This study aims to investigate Turkish EFL learners’
attributions for success and failure in speaking English, and to find out
whether gender and department variables exert any impact on their attributions.
The attributions were analyzed and compared in terms of the four dimensions:
locus of causality, external control, stability and personal control. The data
were gathered through Causal Dimensions Scale adapted to Turkish by Koçyiğit
(2011). The sample consisted of 104 tertiary EFL students studying
one-year-long English in the preparatory program of a state university.
Descriptive statistics were utilized to analyze the emergent data as well as
independent samples T-tests and ANOVA to test significance between/among the
variables. The results indicated that personal controllability and internal
reasons—a lot more apparent in attributions for success than for failure
though—were the two leading factors which were ascribed to both success and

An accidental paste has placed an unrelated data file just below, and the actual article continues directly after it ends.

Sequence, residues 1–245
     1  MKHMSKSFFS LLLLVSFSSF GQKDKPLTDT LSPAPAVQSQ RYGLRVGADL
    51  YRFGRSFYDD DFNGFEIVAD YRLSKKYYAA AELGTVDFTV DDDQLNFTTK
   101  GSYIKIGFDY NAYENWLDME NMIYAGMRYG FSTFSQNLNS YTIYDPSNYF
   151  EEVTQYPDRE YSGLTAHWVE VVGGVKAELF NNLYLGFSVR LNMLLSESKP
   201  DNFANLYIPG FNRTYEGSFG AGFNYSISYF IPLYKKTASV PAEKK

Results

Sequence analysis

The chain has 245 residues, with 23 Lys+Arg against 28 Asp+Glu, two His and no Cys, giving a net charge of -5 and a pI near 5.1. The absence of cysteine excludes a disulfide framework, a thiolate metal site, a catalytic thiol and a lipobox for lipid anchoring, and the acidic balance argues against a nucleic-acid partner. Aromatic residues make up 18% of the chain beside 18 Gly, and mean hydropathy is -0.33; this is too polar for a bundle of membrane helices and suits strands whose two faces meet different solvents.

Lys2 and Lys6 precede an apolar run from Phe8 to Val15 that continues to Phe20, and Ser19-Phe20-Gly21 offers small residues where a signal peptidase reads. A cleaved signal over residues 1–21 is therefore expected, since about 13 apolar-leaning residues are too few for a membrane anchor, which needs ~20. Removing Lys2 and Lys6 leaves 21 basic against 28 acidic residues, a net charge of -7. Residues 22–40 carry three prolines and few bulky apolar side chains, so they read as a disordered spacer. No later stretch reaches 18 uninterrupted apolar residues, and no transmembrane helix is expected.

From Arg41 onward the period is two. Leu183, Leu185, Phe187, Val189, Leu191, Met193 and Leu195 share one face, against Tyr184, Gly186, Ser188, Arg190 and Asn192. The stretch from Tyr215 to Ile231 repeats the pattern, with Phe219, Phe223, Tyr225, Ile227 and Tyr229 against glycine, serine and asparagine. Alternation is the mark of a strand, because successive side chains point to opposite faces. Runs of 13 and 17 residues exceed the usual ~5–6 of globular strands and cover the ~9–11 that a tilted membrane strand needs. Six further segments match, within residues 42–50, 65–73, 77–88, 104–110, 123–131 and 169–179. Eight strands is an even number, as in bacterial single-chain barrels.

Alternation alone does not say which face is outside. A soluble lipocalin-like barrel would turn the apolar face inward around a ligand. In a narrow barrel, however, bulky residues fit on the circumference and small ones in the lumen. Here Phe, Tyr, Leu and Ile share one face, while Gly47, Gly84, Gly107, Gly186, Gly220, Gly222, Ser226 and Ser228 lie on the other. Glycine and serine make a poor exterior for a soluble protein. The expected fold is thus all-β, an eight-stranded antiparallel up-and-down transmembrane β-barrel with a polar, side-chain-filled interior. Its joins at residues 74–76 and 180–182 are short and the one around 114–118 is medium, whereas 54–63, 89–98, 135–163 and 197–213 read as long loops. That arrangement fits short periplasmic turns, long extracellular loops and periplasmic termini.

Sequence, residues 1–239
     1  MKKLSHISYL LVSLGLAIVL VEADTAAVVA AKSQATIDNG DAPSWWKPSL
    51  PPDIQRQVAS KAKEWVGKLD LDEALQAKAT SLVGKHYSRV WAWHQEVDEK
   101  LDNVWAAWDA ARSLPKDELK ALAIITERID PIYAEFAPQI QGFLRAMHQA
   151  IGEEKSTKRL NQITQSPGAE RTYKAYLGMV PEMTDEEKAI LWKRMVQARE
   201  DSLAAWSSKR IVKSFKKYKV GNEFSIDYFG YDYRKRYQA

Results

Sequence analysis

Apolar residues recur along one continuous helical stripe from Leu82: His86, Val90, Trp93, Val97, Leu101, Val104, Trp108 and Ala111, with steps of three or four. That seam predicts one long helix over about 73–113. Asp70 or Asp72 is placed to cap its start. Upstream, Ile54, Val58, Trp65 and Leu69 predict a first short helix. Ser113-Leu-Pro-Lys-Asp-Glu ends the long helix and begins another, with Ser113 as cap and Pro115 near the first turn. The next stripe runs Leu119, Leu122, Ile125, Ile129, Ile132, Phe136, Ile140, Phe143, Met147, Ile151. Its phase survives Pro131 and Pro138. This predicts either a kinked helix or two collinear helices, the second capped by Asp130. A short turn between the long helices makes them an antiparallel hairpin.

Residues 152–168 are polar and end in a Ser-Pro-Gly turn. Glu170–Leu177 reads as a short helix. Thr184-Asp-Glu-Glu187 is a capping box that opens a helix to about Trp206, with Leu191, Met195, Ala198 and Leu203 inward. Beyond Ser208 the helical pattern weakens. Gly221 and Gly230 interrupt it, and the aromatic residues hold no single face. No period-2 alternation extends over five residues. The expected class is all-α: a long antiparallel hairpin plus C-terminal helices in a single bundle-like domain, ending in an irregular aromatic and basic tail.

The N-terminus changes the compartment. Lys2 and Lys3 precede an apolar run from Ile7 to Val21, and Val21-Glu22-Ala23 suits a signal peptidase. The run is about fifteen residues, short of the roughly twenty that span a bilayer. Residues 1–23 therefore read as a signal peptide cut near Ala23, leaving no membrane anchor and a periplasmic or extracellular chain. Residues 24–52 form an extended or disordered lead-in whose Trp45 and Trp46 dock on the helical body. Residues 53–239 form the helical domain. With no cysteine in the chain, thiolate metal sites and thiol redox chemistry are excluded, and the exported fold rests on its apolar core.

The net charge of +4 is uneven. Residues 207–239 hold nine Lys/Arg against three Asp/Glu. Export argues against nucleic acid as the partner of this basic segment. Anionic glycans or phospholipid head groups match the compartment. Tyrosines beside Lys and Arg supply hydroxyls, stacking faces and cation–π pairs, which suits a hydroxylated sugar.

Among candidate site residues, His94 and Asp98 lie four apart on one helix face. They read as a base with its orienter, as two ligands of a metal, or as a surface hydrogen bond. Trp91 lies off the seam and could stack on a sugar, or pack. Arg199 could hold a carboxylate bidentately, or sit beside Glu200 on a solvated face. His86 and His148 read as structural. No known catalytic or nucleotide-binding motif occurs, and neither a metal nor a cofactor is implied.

failure in speaking English. In addition, the students’ attributions for
failure tended to be less stable and more externally controllable in comparison
to success. The gender variable had no significant effect on attributions for success
and failure. With reference to the department variable, a significant
difference was observed not in the attributions for success but those for
failure, and only between English language teaching and Civil aviation
management departments, in terms of locus of causality dimension.
Attribution theory, success and failure, EFL learners, speaking skill